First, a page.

After the last TFS meetup I did in November 2021, it’s hard to believe I was able to get back to one so soon, especially one that’s in the city where the group takes its name. Since the birth of my son, I’ve been delegating some of my work out to trusted friends. The photo walks were given over to John Meadows and Bill Smith, who welcomed a couple of additional group members. As much as I enjoy planning out these events, it’s always nice to attend as an attendee.
I don’t often drive in the city, relying on public transit to get around. But today was different because getting to and from the brickworks by TTC is trying, along with manoeuvring between buses and subways. And then wanting to go to The Granite brewery afterwards, it only made sense to bring a car along. Traffic in the morning wasn’t too bad; I moved ahead quickly and got to the brickworks a few minutes shy of a half-hour drive. My original plan was to shoot an On The Road video. Still, I forgot to consider the farmer’s market, which occupies a large section, and some of the more exciting parts are either occupied or inaccessible. And while I did start filming, about three frames in with the GSW690II, I realised that I left the lens cap on, something I haven’t done in a long while. Rather than try and re-shoot everything, I gave up because there were also many people around. And I was on a limited time frame. I finished up the first roll of Superpan and shot the second through the GSW690II. Despite the overhang of clouds, I ended up with some good shots of a classic formerly abandoned location in the city.
After parking my car off the Danforth, it was a lovely fast walk south on Logan towards the meetup spot. Usually, if we’re in this part of Toronto, the Rooster on Broadview is where we meet. But today, it was at Riverdale Perk, a small residential coffee shop that looked popular with the locals. I was about an hour and a half early; since it was a lovely day and I had time to kill, I ordered an excellent breakfast at the cafe and sat out on the patio. My good friend John arrived shortly after I sat down with coffee (which is excellent) and the food (also superb). We’re both early birds, so it allowed us to chat before more people trickled in. Once we reached critical mass and business at the shop started to pick up, we all gathered up and headed south. I stuck to my Maxxum 70 for the walk as we walked south on Logan towards Gerard. A wonderfully shaded residential section with an exciting mix of houses and small businesses. Which these days it a bit of exciting sight. But it should be something we need more of in an increasingly sprawling GTHA region. It has been a while since I was along this part of Gerard, and the mix of buildings certainly made for some excellent subject matter. Especially the more rundown buildings along the way.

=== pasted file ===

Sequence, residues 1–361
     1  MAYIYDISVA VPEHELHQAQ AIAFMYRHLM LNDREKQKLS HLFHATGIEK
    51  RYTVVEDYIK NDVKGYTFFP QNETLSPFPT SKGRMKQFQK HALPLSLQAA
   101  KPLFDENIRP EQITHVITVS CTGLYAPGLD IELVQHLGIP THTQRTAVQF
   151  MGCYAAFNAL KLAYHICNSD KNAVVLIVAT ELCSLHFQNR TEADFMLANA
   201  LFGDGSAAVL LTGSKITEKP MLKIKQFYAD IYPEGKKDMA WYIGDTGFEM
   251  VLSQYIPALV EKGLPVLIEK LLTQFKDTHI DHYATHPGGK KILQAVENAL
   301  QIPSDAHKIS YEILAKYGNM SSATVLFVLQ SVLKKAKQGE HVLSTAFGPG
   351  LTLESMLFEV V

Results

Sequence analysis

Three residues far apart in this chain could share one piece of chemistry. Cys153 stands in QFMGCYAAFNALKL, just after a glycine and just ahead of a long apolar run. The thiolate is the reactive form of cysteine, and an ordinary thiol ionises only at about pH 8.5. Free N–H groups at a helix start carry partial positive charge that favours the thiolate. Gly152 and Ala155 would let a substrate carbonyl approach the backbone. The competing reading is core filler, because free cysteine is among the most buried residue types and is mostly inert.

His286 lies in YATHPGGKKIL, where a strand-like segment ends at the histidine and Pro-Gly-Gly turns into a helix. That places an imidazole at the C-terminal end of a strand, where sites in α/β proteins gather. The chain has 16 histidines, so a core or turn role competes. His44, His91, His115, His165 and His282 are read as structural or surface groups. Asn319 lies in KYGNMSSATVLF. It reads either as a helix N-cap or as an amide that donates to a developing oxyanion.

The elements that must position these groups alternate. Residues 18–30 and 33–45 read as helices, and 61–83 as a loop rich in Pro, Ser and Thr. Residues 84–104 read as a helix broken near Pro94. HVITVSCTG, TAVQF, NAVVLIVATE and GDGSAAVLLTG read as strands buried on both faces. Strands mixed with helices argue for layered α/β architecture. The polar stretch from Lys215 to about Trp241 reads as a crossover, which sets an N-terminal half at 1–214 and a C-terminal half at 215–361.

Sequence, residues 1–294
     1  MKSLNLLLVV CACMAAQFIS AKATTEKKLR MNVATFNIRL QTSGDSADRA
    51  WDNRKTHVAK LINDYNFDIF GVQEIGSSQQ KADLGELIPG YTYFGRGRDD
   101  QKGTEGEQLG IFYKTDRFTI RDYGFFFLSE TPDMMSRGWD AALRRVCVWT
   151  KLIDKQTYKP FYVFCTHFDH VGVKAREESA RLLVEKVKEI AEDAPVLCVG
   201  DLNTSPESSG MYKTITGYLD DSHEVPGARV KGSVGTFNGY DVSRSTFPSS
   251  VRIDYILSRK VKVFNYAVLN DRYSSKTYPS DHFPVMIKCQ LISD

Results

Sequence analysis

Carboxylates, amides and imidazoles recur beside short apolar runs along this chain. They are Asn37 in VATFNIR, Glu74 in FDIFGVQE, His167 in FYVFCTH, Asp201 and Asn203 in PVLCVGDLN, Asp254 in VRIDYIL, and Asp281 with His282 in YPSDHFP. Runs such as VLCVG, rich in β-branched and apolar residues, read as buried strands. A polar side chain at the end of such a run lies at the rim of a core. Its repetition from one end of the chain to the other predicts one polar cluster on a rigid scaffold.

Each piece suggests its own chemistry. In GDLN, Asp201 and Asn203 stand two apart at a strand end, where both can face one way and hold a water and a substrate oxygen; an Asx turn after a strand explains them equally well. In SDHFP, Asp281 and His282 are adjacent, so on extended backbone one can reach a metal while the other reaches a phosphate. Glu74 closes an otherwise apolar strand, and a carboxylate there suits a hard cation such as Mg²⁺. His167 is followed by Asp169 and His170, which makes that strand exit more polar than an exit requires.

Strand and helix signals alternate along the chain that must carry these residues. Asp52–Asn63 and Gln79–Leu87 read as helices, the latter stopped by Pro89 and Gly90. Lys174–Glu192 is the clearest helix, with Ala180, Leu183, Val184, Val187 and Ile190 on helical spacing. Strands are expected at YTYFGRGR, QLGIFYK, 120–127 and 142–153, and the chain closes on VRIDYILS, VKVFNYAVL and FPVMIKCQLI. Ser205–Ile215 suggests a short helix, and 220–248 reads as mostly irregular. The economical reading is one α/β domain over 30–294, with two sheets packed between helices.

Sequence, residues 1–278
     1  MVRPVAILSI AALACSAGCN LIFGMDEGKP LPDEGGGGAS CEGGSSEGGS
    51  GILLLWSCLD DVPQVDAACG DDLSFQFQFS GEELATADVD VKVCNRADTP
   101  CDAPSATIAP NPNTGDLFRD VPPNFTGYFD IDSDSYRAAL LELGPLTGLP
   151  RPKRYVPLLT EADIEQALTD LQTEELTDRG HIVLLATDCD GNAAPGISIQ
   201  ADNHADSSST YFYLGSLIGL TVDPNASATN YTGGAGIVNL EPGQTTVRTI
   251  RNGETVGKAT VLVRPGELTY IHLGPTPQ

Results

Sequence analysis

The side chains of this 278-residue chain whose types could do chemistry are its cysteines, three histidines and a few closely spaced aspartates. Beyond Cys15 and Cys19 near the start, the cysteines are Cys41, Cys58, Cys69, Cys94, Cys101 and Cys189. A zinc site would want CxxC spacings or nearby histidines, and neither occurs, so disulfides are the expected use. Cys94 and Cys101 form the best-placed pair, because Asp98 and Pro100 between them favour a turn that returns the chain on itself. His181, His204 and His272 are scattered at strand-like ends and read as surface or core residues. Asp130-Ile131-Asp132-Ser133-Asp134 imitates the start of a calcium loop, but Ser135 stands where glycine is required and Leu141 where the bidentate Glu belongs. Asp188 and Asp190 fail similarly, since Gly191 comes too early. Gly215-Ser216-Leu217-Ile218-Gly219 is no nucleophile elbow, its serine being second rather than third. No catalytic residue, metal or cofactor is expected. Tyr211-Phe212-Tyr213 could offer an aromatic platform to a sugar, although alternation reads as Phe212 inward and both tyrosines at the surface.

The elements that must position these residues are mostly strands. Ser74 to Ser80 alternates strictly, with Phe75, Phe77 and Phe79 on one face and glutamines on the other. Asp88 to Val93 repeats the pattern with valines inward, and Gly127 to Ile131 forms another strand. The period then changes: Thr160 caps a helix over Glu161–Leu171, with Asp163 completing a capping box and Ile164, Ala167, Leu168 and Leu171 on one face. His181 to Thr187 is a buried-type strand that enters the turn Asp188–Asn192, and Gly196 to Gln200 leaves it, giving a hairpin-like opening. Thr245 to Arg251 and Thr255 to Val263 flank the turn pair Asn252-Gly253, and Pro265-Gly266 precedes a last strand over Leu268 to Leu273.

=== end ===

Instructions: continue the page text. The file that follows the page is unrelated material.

I swapped out to my second roll of film as we got into Little India, finding the rundown Ulster Arms Tavern a unique subject. Most interesting is how much the first floor appeared to be a train station. However, I couldn’t find any confirmation online that the building served in that role. We continued east through Little India before turning north on another residential street, making it as far as the rail corridor. Walking along a small path, a pedestrian tunnel allowed us to cross to the northern side of the track. We were moving through Monarch Park and up onto the Danforth and where I split off from the group. While I would have loved to try out the menu and beers, I left my last TTC token at home and needed to walk back to my car.
From The Wren, it was about a twenty-five-minute walk to where I left my car by the Chester Subway. I pulled out the GSW690II and loaded up some Fomapan 400; despite being bright and sunny, I shot this at full box speed of ASA-400. I also had several frames left on the Maxxum 70, but I decided I had plenty of keepers from the second roll, so I didn’t bother even scanning those. The streets were pretty busy, and I’m glad I only had eight shots as the area wasn’t too photogenic. But the former Allenby Theatre was a nice treat, and there were some old historical churches through Greektown. It was a bit of a drive out to mid-town. Thankfully traffic wasn’t too bad. Visiting the Granite was excellent, and I was able to get some of their beer after hearing nothing but good things from Bill Smith. It did take an hour to get home, but it wasn’t as bad headed west as it would have been heading east. If you want to see the entire album, head on over to Flickr and if you want to join in future events, be sure to join our Facebook group.